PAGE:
By Luis F. Lopez-Calva, Director, National Human Development Report-UNDP Mexico
In 2001, the Government of Mexico requested the production of a National Human Development Report during a historical time - one year after the political party that had been in power for more than seventy years lost a presidential election. This event represented the beginning of a new era in Mexico’s political system and relations with a variety of national and international actors. Mexico was one of the few countries in the region at the time that had yet to produce an HDR. Thus, a small team was put in place in 2002 and the first HDR was launched in June 2003, which was welcomed by the Cabinet for Social and Human Development –composed by the Ministries of Health, Education and Social Development. The main theme was Regional and Interpersonal Inequality, in a country where human development statistics based on national averages had failed to indicate regional disparities.
The HDR provided a detailed map of human development in the Mexican states and looked at the evolution of inequalities between 1950 and 2000. The report also proposed a new way to aggregate the Human Development Index (HDI) to ensure the index was sensitive to disparities among people and across regions. The first report has been widely cited in academic circles and also prompted a wave of interest by state governments and federal policy makers. It was a solid first step.
The decision was then to move towards a deeper understanding of the determinants of the aforementioned unequal picture. Therefore, the second report was devoted to The Challenge of Local Development. An intermediate step was required: constructing the HDI at the municipality level with reliable information related to municipal income, a task that implied a non-trivial technical challenge. Also, in order to reinforce the analytical and political strength of the report, an advisory board was created, including important personalities from academia, public opinion and public policy realms. This advisory board was designed to be the first layer of the national human development network, and turned out to be a fundamental source of ideas, credibility and ownership in civil society circles. Undoubtedly, the creation of this board was key to the success of the second report in terms of policy impact. The second HDR in Mexico was launched on July 12th, 2005 and was received by President Vicente Fox and key members of his Cabinet.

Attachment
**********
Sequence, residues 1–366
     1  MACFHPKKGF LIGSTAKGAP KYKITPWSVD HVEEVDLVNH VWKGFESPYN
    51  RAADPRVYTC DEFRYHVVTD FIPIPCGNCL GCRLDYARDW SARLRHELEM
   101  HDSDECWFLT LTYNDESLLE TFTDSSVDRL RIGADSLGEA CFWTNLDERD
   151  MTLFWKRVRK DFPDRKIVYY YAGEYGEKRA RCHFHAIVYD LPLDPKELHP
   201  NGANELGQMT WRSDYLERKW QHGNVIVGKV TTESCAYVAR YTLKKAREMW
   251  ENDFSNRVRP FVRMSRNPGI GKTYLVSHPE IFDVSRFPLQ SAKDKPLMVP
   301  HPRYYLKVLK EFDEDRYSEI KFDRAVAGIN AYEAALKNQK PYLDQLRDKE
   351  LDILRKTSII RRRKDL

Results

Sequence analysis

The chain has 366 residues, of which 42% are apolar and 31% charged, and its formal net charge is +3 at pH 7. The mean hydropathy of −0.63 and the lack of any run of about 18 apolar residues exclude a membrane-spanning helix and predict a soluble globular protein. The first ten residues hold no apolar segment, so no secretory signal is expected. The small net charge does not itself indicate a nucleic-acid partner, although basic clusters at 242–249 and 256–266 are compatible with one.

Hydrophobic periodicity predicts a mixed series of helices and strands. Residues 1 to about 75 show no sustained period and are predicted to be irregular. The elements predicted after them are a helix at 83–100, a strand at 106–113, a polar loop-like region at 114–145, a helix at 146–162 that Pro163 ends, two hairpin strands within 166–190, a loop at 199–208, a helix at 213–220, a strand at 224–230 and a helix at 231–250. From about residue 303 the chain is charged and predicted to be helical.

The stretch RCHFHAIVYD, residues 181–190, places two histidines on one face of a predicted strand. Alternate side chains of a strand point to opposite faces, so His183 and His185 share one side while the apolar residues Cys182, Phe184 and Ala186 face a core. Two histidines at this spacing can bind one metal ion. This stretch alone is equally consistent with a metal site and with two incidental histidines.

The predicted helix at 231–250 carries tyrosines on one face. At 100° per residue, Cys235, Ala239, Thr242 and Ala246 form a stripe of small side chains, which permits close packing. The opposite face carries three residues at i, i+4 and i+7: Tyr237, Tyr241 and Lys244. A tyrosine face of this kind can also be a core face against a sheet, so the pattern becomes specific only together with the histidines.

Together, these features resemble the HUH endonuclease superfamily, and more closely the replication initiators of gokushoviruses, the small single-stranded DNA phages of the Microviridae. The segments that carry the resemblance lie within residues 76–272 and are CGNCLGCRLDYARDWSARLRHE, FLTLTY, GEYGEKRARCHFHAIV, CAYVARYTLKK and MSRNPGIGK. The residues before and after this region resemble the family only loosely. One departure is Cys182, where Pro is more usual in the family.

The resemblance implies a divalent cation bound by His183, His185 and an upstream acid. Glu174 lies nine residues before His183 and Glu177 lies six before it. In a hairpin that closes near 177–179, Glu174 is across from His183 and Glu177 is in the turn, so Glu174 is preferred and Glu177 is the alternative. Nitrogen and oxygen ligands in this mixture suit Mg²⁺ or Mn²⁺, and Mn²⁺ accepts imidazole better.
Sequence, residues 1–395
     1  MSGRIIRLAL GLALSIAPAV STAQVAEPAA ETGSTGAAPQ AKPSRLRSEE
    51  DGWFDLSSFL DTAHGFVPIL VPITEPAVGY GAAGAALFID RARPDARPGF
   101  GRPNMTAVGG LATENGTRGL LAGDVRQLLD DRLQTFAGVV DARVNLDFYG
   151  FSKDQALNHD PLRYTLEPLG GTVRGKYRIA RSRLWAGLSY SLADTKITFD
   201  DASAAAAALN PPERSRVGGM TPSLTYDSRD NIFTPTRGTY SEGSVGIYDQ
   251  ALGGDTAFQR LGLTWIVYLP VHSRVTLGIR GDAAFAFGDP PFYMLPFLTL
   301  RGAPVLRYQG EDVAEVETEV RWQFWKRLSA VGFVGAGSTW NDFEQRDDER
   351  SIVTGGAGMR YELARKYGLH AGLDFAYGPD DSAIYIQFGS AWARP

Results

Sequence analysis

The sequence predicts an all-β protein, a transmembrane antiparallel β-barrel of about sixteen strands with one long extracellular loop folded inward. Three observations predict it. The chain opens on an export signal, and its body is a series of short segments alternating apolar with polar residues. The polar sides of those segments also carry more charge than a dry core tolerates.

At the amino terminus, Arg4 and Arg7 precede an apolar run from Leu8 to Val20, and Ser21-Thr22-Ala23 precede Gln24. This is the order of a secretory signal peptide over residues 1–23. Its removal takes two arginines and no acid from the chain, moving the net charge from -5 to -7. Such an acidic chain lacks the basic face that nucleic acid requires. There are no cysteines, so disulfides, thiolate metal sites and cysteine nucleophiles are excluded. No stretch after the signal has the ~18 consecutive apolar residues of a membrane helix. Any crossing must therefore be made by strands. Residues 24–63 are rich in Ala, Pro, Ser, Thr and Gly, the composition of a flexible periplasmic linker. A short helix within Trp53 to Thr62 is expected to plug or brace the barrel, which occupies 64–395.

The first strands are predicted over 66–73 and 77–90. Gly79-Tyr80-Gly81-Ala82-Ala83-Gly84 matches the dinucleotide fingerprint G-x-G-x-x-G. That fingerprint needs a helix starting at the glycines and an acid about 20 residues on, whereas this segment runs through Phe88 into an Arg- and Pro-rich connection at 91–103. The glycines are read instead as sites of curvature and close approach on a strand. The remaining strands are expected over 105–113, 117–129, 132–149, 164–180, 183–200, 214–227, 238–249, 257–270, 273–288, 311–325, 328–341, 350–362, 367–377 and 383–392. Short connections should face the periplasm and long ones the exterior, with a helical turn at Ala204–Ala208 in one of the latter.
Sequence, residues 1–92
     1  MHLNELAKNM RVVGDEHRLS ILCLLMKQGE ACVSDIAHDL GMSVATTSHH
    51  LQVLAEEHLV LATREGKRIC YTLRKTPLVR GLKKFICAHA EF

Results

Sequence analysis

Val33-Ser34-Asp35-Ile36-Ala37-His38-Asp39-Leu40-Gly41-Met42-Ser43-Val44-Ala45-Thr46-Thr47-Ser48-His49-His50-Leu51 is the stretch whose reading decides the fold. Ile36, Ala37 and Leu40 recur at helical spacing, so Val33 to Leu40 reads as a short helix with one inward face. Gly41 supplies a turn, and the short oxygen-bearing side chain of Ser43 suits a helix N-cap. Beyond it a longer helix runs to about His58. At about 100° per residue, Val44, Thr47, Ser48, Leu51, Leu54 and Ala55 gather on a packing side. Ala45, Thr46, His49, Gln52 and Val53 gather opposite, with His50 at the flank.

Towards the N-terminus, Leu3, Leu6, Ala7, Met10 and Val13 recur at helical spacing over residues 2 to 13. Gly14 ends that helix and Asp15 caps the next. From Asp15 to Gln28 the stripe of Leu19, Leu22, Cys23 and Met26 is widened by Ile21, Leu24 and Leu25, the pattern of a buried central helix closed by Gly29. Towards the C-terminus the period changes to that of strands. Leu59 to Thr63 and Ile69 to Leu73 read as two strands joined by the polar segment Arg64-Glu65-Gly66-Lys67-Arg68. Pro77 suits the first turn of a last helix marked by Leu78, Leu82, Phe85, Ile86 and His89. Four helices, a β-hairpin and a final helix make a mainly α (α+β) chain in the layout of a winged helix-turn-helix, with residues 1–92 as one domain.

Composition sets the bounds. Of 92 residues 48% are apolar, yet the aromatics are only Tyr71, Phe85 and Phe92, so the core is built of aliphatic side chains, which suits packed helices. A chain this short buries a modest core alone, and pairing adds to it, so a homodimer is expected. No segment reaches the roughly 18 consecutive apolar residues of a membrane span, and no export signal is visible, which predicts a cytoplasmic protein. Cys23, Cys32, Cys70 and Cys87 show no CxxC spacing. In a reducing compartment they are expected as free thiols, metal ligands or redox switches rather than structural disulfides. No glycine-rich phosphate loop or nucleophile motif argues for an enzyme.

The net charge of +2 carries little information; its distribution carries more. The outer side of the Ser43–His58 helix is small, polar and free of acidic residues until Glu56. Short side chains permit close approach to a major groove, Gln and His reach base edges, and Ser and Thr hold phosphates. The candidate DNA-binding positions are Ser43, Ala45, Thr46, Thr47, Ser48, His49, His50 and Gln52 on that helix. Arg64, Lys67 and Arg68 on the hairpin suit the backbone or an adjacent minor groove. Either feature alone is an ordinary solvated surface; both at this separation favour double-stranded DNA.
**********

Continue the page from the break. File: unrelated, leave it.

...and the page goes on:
Right from the start, the President showed a clear commitment to take the report seriously. His commitment became explicit when, one week later, the President himself and his social cabinet visited the municipalities with the lowest HDI ranking, Metlatonoc in the state of Guerrero and Coicoyán de las Flores in the state of Oaxaca. He decided to hold a formal cabinet meeting during his visit. The media reported on the poverty-related issues concerning the region the President had just visited, in addition to noting that these regions had previously never been visited by any federal authority; not even by governors of the respective states. Follow up initiatives and discussions have been featured in the media for several weeks. The challenge is now obvious: how to translate all the media attention and interest into concrete policies and focus action to alleviate the situation in the regions that are lagging behind. Another related initiative was a seminar held in early August with more than 250 mayors, in order to come up with specific policies that can be derived from the report.
Three years and two national human development reports later, complemented by a long series of seminars and working sessions across the country, interesting results have emerged: inequality has come back to the public policy agenda and signs of commitment by the government may result in concrete actions. Many events are reflected in the impact of the HDR in Mexico: historical changes in the democratic life of the country, a strong, active role of civil society and the media, and the political will of the Government. The HDR in Mexico has played a significant role in the process by offering an independent and rigorous analysis to contribute to public discussion and change. There is still, however, a long way to go.
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